The main reason to use stair blocks is to get a bounce out of the bar. Because the bar is supported only in the middle, it will whip around that point. That means that when you return the bar to the block, it will bend and rebound, which means it will have some “speed” as it first comes off the block. Basically, it’s like lifting a bar off the blocks in the sense of an elevated starting position, but it has momentum on it already as if it started at a lower point. Of course, you only get this after the initial rep—although I have cheated this by lifting the bar off regular blocks, walking to the stair block or bench, and then starting the set from the top rather than from the bottom.
 
A strong bench can be used instead of stair blocks to do what we used to call bench pulls. The downside is that benches are a bit wider and sometimes the inside of your legs will contact it, and the height isn’t adjustable. The upside is that in between sets, you can sit down right where you are. If you have a bench and don’t have space or money for stair blocks, it will do.
 
The only exercise I see a reason to do on stair blocks is snatch or clean pulls. The main purpose would be to overload the upper end of your pull (e.g. starting from below the knee, the knee or above the knee) but in a way that allowed more speed or a better extension with heavy weight. In other words, you can do partial pulls from blocks, but each rep would begin from a dead stop, which is much more difficult, more taxing, and slower than doing stair or bench pulls with the added momentum from the bar whip. You can also use them as a way to do partial pulls with a controlled return to a pre-determined height without resetting the bar on the blocks (in other words, just touching lightly to ensure you got to the position desired)—having only a single point makes this much easier, as it’s hard to get both ends of a bar to land on blocks at exactly the same time, which then throws you off balance.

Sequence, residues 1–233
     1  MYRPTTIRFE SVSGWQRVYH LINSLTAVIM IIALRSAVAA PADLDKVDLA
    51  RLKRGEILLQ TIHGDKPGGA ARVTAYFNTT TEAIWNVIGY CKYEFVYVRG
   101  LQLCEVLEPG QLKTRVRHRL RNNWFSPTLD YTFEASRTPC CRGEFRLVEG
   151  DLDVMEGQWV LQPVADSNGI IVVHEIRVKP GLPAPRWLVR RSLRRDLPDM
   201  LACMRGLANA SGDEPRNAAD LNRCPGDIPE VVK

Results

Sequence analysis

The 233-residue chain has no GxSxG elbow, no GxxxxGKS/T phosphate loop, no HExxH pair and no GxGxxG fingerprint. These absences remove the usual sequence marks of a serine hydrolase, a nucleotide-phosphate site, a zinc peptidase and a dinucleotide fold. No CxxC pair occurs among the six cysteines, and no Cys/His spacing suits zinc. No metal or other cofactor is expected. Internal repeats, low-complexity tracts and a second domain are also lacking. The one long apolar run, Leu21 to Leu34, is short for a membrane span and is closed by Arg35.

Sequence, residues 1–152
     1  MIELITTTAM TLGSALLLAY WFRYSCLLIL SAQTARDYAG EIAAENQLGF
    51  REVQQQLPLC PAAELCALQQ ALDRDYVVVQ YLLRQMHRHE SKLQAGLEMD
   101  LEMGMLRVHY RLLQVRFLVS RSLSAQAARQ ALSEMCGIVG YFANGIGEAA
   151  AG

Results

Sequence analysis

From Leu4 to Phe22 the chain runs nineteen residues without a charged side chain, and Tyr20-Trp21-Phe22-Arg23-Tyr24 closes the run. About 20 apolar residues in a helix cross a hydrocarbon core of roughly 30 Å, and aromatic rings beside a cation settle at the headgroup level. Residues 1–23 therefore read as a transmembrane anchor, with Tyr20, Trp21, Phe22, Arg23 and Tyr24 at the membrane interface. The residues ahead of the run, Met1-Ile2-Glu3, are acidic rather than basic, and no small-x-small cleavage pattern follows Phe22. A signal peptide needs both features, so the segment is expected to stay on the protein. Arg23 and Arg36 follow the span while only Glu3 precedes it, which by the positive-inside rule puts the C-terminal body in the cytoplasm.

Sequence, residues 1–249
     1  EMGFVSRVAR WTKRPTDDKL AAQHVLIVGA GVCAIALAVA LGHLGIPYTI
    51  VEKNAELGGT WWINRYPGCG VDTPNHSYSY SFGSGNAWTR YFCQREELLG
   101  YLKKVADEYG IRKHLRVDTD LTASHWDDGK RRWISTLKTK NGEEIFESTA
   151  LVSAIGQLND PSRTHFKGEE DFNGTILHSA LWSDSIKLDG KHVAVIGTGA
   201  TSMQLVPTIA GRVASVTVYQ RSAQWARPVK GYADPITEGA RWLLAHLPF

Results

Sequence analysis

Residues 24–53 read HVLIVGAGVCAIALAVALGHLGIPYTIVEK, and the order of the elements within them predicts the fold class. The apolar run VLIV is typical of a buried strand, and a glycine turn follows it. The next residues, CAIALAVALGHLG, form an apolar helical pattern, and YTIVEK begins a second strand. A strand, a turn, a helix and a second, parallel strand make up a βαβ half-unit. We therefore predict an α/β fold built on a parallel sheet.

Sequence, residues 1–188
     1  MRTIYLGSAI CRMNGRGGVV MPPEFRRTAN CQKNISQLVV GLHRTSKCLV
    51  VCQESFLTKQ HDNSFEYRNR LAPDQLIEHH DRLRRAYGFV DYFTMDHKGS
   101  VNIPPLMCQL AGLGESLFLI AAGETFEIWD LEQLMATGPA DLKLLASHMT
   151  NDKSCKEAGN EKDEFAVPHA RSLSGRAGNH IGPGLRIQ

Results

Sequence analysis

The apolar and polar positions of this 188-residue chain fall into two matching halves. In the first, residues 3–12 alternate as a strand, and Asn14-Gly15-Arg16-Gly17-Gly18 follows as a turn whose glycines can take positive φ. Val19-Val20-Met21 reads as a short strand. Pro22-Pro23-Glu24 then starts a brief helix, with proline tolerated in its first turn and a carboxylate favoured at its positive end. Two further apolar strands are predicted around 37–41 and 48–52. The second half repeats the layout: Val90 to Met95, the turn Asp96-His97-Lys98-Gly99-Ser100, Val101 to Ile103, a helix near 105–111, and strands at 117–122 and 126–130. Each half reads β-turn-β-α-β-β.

You can do power snatches and power cleans from them as well (don’t try to squat or you’ll be very unhappy). However, you can do the lifts from blocks, power or squat, more safely and without the restriction (mental or physical) of something between your legs. That said, world class lifters do power snatches and cleans from the blocks under the direction of world class coaches, so I won’t dismiss them.
 
If nothing else, doing some pulls from the stair blocks using the whip of the bar will give you some variety occasionally in your training, which can be as helpful mentally as physically.


Here are a couple videos of snatch pulls from stair blocks using the rebound of the bar:



 
 
But What About My Bar?
 
If you’re thinking that bouncing a heavily loaded bar onto a narrow block is going to wreck your bar… you’re probably right. I won’t let anyone do stair or bench pulls with our Werksan bars. We have a couple less expensive bars that are already a little bent, so those are the only bars for this. I would suggest you do the same. If you only have one bar, and you don’t want it bent, I would suggest not using stair blocks at all—you’ll be just fine without them.
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Greg Everett is the owner of Catalyst Athletics, head coach of the national-medalist Catalyst Athletics weightlifting team, publisher of The Performance Menu, author of the books Olympic Weightlifting: A Complete Guide for Athletes & Coaches and Olympic Weightlifting for Sports, and director/writer/producer/editor/everything of the documentary American Weightlifting. Follow him on Facebook here and and sign up for his free newsletter here.
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Weightlifting Programming: A Winning Coach's Guide
Weightlifting Programming: A Winning Coach's Guide
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The Coach's Strength Training Playbook
Bones of Iron: Collected Articles on the Life of the Strength Athlete
Bones of Iron: Collected Articles on the Life of the Strength Athlete
Olympic Weightlifting: A Complete Guide for Athletes & Coaches
Olympic Weightlifting: A Complete Guide for Athletes & Coaches